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Maldives to Oman   Singapore to Maldives   Darwin to Singapore

Live Satelite Image
Satellite data provided by The Living Earth Inc./Earth Imaging 1996, All Rights Reserved.

Leg 9: WSSL-VRMM (Seletar, Singapore to Male, The Maldive Islands) 5 Aug 98 8.9 Hours


"Male International, the Maldive Islands"

 

We can’t help reflecting a bit on the scale of these flights. On the Maldives flight, we consumed 3876 pounds of fuel, almost two tons. The leg time was almost 9 hours and the flight itself spanned three time zones. That is three time zones at the equator (We have made flights in the subpolar latitudes, North Atlantic crossings, that span several zones, but the Meridians are much closer near the pole).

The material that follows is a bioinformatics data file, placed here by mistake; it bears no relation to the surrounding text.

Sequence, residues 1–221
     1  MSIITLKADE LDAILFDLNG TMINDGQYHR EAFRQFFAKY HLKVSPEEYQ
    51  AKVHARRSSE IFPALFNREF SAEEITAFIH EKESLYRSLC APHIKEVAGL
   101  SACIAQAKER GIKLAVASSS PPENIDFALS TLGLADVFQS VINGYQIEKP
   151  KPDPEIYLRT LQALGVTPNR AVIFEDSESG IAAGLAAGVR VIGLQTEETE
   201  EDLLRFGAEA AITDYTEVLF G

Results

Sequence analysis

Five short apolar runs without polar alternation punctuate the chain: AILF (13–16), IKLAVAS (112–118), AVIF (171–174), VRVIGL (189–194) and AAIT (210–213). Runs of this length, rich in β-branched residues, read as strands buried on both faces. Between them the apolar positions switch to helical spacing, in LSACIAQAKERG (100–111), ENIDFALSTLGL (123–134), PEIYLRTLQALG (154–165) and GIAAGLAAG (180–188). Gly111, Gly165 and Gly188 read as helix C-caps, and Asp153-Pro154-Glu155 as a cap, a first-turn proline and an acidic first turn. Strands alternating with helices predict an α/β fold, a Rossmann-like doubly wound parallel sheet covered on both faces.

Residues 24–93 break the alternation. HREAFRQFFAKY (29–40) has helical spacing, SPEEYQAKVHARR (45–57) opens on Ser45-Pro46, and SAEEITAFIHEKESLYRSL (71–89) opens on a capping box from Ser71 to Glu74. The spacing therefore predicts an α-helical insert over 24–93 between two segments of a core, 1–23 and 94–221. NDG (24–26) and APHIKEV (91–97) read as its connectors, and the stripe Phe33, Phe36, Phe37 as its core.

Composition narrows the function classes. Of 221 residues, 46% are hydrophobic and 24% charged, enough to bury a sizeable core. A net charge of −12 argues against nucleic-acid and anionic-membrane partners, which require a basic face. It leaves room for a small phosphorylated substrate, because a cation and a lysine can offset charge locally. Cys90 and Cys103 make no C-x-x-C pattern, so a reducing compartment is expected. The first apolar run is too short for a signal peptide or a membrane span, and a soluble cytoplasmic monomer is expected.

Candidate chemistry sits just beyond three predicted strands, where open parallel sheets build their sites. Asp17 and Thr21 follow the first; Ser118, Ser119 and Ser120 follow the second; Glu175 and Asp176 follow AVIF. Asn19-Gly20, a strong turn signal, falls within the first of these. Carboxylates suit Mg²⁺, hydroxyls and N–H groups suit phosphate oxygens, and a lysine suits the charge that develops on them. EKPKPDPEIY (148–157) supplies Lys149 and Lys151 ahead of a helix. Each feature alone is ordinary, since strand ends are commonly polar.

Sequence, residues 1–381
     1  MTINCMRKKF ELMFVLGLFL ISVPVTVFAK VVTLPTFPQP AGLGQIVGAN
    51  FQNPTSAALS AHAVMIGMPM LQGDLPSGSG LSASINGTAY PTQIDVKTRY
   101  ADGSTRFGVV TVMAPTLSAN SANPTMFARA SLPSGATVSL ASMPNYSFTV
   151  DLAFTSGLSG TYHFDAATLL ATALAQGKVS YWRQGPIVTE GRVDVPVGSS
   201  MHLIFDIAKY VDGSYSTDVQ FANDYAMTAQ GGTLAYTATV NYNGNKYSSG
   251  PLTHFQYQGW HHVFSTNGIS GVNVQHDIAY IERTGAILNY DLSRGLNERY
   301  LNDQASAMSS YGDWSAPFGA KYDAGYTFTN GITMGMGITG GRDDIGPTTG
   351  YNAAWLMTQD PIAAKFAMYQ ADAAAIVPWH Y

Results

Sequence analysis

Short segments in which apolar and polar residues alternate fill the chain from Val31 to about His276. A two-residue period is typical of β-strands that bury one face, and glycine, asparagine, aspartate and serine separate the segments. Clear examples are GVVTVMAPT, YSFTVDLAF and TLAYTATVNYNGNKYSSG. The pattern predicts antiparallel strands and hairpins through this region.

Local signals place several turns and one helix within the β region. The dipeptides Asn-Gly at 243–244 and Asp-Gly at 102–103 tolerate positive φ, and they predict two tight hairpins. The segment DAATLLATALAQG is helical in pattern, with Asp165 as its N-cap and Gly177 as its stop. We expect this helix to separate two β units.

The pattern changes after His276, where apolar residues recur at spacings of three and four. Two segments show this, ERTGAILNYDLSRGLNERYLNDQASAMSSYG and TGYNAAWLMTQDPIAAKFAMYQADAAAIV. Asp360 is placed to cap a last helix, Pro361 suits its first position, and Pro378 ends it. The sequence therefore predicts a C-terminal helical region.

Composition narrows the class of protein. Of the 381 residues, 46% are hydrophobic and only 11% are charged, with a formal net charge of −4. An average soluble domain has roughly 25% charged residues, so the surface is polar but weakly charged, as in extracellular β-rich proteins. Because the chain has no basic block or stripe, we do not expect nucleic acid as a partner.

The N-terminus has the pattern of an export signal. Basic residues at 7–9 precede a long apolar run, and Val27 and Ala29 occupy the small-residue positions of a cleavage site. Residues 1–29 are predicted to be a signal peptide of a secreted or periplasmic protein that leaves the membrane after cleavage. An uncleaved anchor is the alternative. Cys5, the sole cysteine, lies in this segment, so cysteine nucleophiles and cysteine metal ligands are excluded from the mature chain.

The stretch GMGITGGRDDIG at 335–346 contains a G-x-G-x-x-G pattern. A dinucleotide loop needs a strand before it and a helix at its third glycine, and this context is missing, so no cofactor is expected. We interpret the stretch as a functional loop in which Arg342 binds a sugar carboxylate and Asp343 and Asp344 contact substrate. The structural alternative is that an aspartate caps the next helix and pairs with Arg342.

Three separate governmental permits were required. Singapore required nothing on departure, but the States of Indonesia, Sri Lanka, and the Maldives each did. Indonesia required an overflight permit (to be arranged in advance) since we would fly over the isle of Sumatra. We didn’t actually fly over Sri Lanka, but we did fly through their sphere of influence, called an FIR or Flight Information Region. This also requires an overflight permit. Finally, The Maldive Islands require prior permission to land. Arranging these permits on your own is possible, but logistically difficult. Universal, our flight planning and weather service, takes care of this task.